Friday, January 20, 2006
Tommy Weighs In On Surveillance
Freedom is not abstract in such circumstances. For every such measure that we omit, internal controls will have to be tightened. Thus, to some extent, given what I know, I think that the surveillance as described by the NY Times is not a giving up of freedoms but a defense of them. But Tommy says it best:
I expect the communications of the enemy to be monitored. All of the communications of the enemy. The fact that the enemy is communicating with people within our borders does not in the
slightest change that. Maybe I’ve spent more time around collection type assets than the average person, but I confess I was shocked to learn that people were surprised this was going on. If the program was monitoring domestic communications with persons other than Al Qaeda and associated groups, that is something different. But as of yet, I have heard nothing to suggest that was the case.
There is another, much larger reason why I am prone to dismiss all of this as so much rubbish. The people who leaked this, knowingly leaked a classified program. What that means is, you aren’t going to get any sort of adequate denial response, because to do so would require also leaking classified information. No point in increasing the damage just for sport.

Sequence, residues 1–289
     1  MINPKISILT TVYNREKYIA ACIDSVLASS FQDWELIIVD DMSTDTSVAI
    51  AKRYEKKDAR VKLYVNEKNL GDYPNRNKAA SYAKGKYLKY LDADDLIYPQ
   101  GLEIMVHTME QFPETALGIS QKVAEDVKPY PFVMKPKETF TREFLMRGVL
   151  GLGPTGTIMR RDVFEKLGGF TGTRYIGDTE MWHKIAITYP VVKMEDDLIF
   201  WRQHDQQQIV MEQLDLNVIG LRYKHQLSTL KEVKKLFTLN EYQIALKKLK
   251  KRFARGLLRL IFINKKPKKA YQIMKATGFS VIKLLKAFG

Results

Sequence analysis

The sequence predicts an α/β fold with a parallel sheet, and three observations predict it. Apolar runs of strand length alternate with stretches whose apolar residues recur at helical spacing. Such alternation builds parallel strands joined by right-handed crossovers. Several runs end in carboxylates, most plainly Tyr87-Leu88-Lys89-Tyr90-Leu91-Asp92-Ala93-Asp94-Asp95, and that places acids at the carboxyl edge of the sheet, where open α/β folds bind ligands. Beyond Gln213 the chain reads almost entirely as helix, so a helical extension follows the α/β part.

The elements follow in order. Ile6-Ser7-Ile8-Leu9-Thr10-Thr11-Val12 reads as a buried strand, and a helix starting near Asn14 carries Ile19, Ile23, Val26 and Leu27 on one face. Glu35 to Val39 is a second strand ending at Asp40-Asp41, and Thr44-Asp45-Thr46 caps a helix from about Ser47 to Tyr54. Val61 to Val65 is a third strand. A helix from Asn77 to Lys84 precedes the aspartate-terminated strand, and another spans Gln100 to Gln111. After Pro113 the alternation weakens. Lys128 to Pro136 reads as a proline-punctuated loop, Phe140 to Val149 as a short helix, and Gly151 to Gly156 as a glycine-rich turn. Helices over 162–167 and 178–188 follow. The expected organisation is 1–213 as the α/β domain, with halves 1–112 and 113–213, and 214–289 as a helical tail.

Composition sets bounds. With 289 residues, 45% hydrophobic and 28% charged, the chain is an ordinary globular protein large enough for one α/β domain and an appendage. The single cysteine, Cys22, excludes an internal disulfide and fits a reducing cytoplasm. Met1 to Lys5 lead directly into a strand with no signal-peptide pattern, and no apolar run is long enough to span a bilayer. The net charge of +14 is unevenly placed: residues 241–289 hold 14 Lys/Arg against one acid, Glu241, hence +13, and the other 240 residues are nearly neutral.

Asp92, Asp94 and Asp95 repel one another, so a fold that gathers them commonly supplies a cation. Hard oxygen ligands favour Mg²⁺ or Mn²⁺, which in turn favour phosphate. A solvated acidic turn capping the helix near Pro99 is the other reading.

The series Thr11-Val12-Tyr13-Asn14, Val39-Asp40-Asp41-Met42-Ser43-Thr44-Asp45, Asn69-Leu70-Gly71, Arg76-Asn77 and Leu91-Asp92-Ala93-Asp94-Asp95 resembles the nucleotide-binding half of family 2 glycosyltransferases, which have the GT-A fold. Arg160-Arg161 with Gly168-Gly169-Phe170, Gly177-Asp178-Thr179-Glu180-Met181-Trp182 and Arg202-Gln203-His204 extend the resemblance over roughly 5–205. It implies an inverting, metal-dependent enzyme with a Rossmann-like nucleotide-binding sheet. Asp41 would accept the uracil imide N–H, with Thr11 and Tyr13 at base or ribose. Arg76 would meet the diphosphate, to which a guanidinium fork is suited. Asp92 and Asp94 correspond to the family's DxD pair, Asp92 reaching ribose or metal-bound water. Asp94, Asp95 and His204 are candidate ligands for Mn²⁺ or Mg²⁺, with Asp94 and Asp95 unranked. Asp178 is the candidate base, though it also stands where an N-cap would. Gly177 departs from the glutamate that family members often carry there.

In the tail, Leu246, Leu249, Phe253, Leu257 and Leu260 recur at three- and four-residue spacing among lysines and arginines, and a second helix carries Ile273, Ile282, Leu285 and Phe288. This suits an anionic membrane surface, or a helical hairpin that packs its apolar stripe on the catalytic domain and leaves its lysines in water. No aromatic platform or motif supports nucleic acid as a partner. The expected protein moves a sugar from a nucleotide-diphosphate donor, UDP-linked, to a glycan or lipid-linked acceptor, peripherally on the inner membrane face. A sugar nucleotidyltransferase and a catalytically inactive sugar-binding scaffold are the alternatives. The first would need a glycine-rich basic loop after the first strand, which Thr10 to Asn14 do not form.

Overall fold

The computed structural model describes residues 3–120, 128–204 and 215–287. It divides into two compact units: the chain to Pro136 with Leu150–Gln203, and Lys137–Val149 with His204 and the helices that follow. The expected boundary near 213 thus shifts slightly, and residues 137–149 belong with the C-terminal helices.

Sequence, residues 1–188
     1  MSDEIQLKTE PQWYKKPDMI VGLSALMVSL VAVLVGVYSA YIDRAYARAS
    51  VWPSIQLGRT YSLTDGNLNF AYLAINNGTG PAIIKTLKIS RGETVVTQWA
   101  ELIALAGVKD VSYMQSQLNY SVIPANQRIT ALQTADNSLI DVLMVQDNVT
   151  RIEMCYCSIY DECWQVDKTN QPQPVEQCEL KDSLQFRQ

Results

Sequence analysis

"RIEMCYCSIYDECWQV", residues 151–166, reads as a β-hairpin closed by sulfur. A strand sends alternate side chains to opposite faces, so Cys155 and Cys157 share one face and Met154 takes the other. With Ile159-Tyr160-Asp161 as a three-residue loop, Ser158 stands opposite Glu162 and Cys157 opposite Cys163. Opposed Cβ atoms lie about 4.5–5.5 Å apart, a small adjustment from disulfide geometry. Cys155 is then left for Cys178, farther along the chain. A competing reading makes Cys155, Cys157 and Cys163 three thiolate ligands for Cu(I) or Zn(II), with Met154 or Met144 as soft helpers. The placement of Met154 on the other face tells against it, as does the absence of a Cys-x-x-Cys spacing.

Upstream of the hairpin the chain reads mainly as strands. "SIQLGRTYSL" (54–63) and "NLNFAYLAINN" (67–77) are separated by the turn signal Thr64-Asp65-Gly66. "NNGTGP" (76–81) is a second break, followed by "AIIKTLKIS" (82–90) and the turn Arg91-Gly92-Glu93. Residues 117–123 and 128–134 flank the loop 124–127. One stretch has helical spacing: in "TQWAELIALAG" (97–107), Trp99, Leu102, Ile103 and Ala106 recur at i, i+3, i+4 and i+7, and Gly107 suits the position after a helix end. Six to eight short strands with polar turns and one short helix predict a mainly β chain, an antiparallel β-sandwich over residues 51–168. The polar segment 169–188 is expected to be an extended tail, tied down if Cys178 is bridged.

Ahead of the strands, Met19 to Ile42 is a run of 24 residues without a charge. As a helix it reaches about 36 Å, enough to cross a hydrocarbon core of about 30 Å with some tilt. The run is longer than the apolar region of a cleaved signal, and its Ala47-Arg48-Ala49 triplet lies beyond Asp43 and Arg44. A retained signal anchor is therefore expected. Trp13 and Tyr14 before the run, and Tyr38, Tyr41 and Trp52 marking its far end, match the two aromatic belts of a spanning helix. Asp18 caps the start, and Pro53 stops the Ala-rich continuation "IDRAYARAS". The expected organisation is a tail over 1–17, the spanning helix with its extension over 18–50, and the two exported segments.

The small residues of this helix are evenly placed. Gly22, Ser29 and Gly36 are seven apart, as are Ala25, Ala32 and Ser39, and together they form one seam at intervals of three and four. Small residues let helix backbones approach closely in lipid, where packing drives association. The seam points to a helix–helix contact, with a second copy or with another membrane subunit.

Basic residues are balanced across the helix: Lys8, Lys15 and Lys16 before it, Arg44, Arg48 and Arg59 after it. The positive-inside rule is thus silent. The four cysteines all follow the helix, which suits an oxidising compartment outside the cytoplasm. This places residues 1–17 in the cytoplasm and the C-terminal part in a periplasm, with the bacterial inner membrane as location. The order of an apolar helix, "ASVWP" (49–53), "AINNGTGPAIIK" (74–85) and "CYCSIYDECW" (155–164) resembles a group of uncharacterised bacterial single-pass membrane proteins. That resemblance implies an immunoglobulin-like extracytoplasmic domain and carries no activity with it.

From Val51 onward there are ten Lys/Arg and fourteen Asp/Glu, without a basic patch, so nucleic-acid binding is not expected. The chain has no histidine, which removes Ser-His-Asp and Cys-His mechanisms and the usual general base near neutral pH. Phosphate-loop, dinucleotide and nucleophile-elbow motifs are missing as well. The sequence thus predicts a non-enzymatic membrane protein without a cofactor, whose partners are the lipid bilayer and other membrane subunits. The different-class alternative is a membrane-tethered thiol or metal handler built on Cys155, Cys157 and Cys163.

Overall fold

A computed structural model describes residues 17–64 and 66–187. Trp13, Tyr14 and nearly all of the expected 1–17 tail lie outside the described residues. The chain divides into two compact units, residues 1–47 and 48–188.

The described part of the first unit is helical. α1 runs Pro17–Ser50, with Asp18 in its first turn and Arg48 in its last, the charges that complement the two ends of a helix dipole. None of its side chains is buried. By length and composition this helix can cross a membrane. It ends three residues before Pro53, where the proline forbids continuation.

This is not a game. People have died and will continue to die, and like Tommy, I suspect that to some this is considered a political game. I am deeply, deeply offended by that.
Update: Liberal Larry weighs in with an eloquent elegy to Al Gore:
Al Gore’s powerful oratory Monday was not only a testament to the skills of his lesbian manliness coach, but a righteous roar of rage against Bush’s wholesale destruction of our most fundamental civil liberties. For the past six years, Gore has sat quietly by while Republicans furiously chipped away at the Bill of Rights. However, the news of Bush’s domestic spying program was the last straw, and as a patriotic American War Hero he was duty bound to stand up and say, “Enough is enough!”.
Bush continues to deny that he has done anything wrong and insists that he will only eavesdrop on the telephone conversations of people who are “a threat to national security”. But that could describe just about any liberal Democrat in Congress. ... And what of the thousands of legitimate calls to and from terrorists every day? What if you or I were to simply dial Osama Bin Laden’s number at Crawford by mistake? Does that make us terrorists? Does that negate our rights as American citizens?
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